It started as a comment, but it grew into an answer instead.
Typical for the Hessian dialect (not accent) is the shift from /ʃ/ and /ç/ to /ʒ/ as illustrated in Martin Schneider's Aschenbecher example.
Within the Hessian dialect, it's also quite common to skip the n in an -en ending and put more emphasis on the (now) final e. Again, this can be heard in the Aschenbecher example above and also be observerd in the examples below
Numerous examples are listed in this German online dictionary, where some heuristic rules can already be derived.
auf tends to become uff
p tends to become b
Babba (Papa), uffbasse (aufpassen)
-ig tends to become -isch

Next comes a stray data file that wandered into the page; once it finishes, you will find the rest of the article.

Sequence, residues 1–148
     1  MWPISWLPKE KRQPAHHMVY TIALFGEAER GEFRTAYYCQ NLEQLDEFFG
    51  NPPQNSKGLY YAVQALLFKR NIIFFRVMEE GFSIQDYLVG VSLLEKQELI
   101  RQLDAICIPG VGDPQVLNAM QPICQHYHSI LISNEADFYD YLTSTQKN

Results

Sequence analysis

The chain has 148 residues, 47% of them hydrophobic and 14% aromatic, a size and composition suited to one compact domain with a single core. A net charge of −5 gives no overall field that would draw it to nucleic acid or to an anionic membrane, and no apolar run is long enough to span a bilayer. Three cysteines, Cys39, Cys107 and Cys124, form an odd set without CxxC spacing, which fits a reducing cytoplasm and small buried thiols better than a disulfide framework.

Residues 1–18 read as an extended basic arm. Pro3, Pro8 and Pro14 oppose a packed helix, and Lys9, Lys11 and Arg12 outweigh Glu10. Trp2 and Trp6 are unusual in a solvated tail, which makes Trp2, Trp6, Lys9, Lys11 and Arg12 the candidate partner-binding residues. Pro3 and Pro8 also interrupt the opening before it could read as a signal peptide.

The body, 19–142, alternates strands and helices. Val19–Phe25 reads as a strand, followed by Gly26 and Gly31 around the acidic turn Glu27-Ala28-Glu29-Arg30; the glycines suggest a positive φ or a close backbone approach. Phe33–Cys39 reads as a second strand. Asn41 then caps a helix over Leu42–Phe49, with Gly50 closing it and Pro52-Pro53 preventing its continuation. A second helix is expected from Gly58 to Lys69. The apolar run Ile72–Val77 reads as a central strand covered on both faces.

hibbelisch (hibbelig), ferdisch (fertig)
ck tends to become gg
aijereggisch (eiereckig), hogge (hocken), Schnuggelsche (Schnuckelchen)
In summary, a lot of hard sounds become softer.
What are specific words, only used in Hessen
Iconic Hessian words are
Aijereggisch, Riwwekuche (Streuselkuchen), babbeln, Bembel, Gude (Begrüßung), (Hut-)simbel, ...
Meeting older people from Hesse or people who live/grew up in smaller villages are still speaking the dialect, especially towards the south around the Taunus area.
This is mainly based on my observations as a North-German living in Hessen and noticing the differences with regard to my own dialect.